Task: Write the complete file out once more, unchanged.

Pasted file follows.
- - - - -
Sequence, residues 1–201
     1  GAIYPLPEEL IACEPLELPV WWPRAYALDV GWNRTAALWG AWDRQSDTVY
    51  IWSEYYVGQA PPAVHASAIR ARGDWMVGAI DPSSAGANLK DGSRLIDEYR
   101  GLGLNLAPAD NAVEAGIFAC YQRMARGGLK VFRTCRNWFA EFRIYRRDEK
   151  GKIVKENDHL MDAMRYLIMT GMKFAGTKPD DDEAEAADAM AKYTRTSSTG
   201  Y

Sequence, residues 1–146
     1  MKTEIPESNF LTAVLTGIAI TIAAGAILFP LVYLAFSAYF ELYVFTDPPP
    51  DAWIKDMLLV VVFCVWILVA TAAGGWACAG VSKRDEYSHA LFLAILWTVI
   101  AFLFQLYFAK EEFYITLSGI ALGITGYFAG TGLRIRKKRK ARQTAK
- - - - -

Sequence, residues 1–201
     1  GAIYPLPEEL IACEPLELPV WWPRAYALDV GWNRTAALWG AWDRQSDTVY
    51  IWSEYYVGQA PPAVHASAIR ARGDWMVGAI DPSSAGANLK DGSRLIDEYR
   101  GLGLNLAPAD NAVEAGIFAC YQRMARGGLK VFRTCRNWFA EFRIYRRDEK
   151  GKIVKENDHL MDAMRYLIMT GMKFAGTKPD DDEAEAADAM AKYTRTSSTG
   201  Y

Sequence, residues 1–146
     1  MKTEIPESNF LTAVLTGIAI TIAAGAILFP LVYLAFSAYF ELYVFTDPPP
    51  DAWIKDMLLV VVFCVWILVA TAAGGWACAG VSKRDEYSHA LFLAILWTVI
   101  AFLFQLYFAK EEFYITLSGI ALGITGYFAG TGLRIRKKRK ARQTAK